"The writing of the common run of stories today has, unfortunately for American literature, taken on the character of an exact science. Such stories are entirely mechanical, conforming to fixed rules. A good analogy might be found in the music of the electric piano. It is technically perfect, mechanically true, but lacking in expression. As is the case with any art when mechanics are permitted to dominate, the soul of the story is crushed—suffocated beneath a weight of technique. True art—the expression of the soul—is lacking.

"The types of stories we have published, and will continue to publish may be placed under two classifications. The first of these is the story of psychic phenomena or the occult story. These stories are written from three viewpoints: The viewpoint of the spiritualist who believes that such phenomena are produced by spirits of the departed, the scientist, who believes they are either the result of fraud, or may be explained by known, little known, or perhaps unknown phases of natural law, and the neutral investigator, who simply records the facts, lets them speak for themselves, and bolds no brief for either side.

"The second classification might be termed “Highly Imaginative Stories.” These are stories of advancement in the sciences and the arts to which the generation of the writer who creates them has not attained. All writers of such stories are prophets, and in the years to come, many of their prophecies will come true.

"There are a few people who sniff at such stories. They delude themselves with the statement that they are too practical to read such stuff. We cannot, nor do we aim to please such readers. A man for whom this generation has found no equal in his particular field of investigation, none other than the illustrious Huxley, wrote a suitable answer for them long ago. He said: “Those who refuse to go beyond fact rarely get as far as fact.”

"Writers of highly imaginative fiction have, in times past, drawn back the veil of centuries, allowing their readers to look at the wonders of the present. True, these visions were often distorted, as by a mirror with a curved surface, but just as truly were they actual reflections of the present. It is the mission of WEIRD TALES to find present day writers who have this faculty, that our readers may glimpse the future—may be vouchsafed visions of the wonders that are to come.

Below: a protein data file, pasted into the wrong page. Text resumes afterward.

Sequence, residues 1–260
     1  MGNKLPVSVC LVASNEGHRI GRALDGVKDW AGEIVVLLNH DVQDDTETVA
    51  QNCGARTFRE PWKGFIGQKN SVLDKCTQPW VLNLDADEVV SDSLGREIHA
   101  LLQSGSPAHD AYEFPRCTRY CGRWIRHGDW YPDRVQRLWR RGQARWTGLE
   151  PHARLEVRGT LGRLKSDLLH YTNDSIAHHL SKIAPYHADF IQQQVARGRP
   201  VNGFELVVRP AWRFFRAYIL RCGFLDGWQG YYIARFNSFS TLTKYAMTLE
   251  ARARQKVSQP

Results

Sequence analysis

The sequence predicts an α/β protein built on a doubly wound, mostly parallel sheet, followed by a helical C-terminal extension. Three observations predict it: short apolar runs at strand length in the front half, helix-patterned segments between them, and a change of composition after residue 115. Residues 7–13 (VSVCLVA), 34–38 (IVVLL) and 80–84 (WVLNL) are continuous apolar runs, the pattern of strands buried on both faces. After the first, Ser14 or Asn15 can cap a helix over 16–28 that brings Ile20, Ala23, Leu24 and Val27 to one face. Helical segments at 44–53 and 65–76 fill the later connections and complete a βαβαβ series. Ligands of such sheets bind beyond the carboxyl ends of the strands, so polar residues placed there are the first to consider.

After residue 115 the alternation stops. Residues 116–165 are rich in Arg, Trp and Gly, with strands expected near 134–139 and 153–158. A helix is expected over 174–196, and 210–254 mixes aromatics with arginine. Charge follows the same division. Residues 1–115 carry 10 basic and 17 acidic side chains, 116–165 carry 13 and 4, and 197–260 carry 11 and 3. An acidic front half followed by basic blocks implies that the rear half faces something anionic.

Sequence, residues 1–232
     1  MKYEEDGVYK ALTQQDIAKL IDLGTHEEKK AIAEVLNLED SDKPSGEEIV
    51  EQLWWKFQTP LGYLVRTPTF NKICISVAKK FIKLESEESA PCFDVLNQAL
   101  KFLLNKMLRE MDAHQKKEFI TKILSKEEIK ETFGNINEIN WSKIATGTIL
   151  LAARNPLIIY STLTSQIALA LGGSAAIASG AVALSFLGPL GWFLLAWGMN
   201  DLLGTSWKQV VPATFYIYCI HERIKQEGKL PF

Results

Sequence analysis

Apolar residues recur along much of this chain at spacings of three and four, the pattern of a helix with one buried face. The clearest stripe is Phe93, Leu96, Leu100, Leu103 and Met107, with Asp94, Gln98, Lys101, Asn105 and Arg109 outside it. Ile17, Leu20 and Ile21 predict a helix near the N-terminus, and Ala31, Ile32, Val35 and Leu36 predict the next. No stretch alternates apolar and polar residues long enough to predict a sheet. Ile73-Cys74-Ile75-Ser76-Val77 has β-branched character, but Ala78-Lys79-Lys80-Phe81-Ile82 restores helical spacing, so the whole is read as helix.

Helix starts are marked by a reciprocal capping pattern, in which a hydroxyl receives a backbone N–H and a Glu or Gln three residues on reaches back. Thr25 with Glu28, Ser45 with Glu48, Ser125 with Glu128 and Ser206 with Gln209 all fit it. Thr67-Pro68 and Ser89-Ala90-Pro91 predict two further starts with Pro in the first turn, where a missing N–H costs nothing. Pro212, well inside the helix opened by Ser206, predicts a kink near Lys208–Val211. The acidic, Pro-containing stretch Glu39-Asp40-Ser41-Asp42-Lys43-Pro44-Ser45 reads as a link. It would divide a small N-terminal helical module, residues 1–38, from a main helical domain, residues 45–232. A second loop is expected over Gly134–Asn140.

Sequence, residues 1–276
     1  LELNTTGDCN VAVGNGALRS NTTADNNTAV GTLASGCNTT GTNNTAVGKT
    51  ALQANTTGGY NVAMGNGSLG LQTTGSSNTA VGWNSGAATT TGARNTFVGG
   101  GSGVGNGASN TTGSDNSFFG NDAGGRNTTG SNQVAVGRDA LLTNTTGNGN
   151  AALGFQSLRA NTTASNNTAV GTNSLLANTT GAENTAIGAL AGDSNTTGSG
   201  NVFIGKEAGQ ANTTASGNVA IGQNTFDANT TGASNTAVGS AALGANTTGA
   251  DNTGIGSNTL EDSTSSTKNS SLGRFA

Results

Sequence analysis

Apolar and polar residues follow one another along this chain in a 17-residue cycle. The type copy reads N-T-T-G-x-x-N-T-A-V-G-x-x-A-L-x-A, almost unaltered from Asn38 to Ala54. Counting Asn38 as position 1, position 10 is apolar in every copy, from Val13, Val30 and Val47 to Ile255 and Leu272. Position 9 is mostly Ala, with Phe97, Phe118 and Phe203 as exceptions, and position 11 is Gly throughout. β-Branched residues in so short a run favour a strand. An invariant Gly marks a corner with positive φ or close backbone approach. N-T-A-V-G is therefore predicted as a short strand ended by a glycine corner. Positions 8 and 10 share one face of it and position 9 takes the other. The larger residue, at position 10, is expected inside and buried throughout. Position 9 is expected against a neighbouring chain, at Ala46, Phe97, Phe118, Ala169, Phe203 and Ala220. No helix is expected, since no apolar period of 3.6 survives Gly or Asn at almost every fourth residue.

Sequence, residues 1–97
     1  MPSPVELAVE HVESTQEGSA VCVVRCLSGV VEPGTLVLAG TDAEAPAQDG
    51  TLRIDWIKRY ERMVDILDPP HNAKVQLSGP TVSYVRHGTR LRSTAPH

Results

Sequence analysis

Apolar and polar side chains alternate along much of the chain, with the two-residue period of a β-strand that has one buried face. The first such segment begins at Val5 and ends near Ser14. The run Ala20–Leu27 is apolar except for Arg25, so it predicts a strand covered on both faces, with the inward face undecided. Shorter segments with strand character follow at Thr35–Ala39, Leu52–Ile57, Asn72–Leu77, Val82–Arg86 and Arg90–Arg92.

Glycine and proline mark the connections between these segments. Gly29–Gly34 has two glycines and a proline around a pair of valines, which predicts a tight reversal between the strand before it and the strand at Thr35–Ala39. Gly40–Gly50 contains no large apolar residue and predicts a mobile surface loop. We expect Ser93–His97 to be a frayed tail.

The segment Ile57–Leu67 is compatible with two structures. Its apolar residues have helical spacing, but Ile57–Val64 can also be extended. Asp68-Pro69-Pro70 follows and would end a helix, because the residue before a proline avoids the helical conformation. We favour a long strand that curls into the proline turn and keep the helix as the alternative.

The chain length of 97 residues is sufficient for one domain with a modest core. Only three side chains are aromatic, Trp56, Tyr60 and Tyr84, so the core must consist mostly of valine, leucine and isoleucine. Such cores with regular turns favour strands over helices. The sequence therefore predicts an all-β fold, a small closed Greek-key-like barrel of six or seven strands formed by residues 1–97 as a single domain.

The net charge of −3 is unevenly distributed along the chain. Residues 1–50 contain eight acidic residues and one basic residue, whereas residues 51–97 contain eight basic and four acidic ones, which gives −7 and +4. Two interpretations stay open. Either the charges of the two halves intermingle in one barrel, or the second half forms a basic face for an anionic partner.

"Looking back over the vast sea of literature that has been produced since man began to record his thoughts, we find two types predominating—two types that have lived up to the present and will live on into the future: The weird story and the highly imaginative story. The greatest writers of history have been at their best when producing such stories; Homer, Shakespeare, Milton, Dante, Irving, Hawthorne, Poe, Verne, Dickens, Maeterlinck, Doyle, Wells, and scores of other lesser lights. Their weird and highly imaginative stories will live forever.

"Shakespeare gave forceful expression to the creed of writers of the weird and highly imaginative, when he wrote the oft-quoted saying: “There are more things in Heaven and Earth, Horatio, than are dreamt of in your philosophy.”

"The writer of the highly imaginative story intuitively knows of the existence of these things, and endeavors to search them out. He has an unquenchable thirst for knowledge. He is at once, the scientist, the philosopher, and the poet. He evolves fancies from known facts, and new and startling facts are in turn evolved from the fancies. For him, in truth, as for no others less gifted “Stone walls do not a prison make.” His ship of imagination will carry him the four thousand miles to the center of the earth, “Twenty Thousand Leagues Under the, Sea,” on a journey to another planet millions of miles distant, or on a trip through the Universe, measured only in millions of light years, with equal facility. Material obstacles cannot stay his progress. He laughs at those two bogies which have plagued mankind from lime immemorial, time and space. Things without beginning and without end, which man is vainly trying to measure. Things that have neither length, breadth nor thickness, yet to which men would ascribe definite limits.

"To the imaginative writer, the upper reaches of the ether, the outer limits of the galactic ring, the great void that gaps beyond, and the infinity of Universes that may, for all we know, lie still further on, are as accessible as his own garden. He flies to them in the ship of his imagination in less time than it takes a bee to flit from one flower to another on the same spike of a delphinium.

"Some of the stories now being published in WEIRD TALES will live forever. Men, in the progressive ages to come, will wonder how it was possible that writers of the crude and uncivilized age known as the twentieth century could have had foreknowledge of the things that will have, by that time, come to pass. They will marvel, as they marvel even now, at the writings of Poe and Verne.

"It has always been the human desire to experience new emotions and sensations without actual danger. A tale of horror is told for its own sake, and becomes an end in itself. It is appreciated most by those who are secure from peril.